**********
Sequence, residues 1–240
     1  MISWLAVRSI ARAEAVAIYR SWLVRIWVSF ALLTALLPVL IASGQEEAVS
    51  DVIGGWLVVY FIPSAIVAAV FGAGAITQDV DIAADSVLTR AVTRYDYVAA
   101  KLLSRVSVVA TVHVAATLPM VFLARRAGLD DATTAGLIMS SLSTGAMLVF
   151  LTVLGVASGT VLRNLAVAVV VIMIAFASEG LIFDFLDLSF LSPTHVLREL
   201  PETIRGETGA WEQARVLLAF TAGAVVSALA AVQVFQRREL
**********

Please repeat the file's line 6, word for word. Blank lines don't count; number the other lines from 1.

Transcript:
   201  PETIRGETGA WEQARVLLAF TAGAVVSALA AVQVFQRREL